Welcome to Medivizor!

You're browsing our sample library. Feel free to continue browsing. You can also sign up for free to receive medical information specific to your situation.

Posted by on Sep 15, 2018 in Breast cancer | 0 comments

In a nutshell

This study looked at the impact of vitamin D levels in the blood on outcomes in patients with breast cancer after chemotherapy. The study found that patients with a vitamin D deficiency had worse outcomes, and in particular, the patients were more likely to have tumor cells left in the body after treatment.

Some background

The role of vitamin D in cancer has been looked at closely in recent years. Due to its role in cell growth, it may have an impact on cancer cells. Vitamin D deficiency is common in the general population. It is possible that vitamin D deficiency may have a negative impact on a patient’s response to breast cancer treatment. The mark of a successful treatment is having no tumor cells left in the body after treatment, which is called a pathologic complete response (pCR).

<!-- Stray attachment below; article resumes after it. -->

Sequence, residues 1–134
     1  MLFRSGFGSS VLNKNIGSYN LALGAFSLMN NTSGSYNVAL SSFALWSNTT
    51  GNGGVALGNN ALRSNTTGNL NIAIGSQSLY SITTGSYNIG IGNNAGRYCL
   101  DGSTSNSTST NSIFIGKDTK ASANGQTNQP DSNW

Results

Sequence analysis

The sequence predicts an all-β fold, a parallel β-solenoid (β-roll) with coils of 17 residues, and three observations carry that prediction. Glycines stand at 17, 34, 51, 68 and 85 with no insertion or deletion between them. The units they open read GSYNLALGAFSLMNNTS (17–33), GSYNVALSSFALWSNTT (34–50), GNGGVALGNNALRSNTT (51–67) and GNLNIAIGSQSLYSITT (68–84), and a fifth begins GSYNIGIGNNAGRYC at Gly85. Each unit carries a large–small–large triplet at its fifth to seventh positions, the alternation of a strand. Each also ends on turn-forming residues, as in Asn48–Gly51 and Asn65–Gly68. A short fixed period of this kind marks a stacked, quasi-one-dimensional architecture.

Methods & findings

This study consisted of 327 patients with breast cancer. Before treatment, patients vitamin D levels were determined through blood tests. Patients all received chemotherapy of varying types followed by surgery. 

Overall 42% of patients were determined as being vitamin D deficient. Vitamin D deficiency was associated with not achieving a pathologic complete response. 74% of patients who had sufficient vitamin D levels achieved pCR. Only 27% of patients who were deficient in vitamin D achieved pCR. However, vitamin D deficiency was not seen to be associated with survival outcomes.

The bottom line

The study concluded that vitamin D deficiency is associated with patient being unable to achieve a complete response to treatment in breast cancer.

The fine print

This study is not large, with only 327 patients. If the study was larger the authors may have found an association with survival. More research needs to be done.

What’s next?

It may be worth checking your vitamin D levels and taking a supplement if they are found to be low. Discuss this with your oncologist.  

Published By :

BMC cancer

Date :

Jul 30, 2018

Original Title :

Impact of vitamin D on pathological complete response and survival following neoadjuvant chemotherapy for breast cancer: a retrospective study.

click here to get personalized updates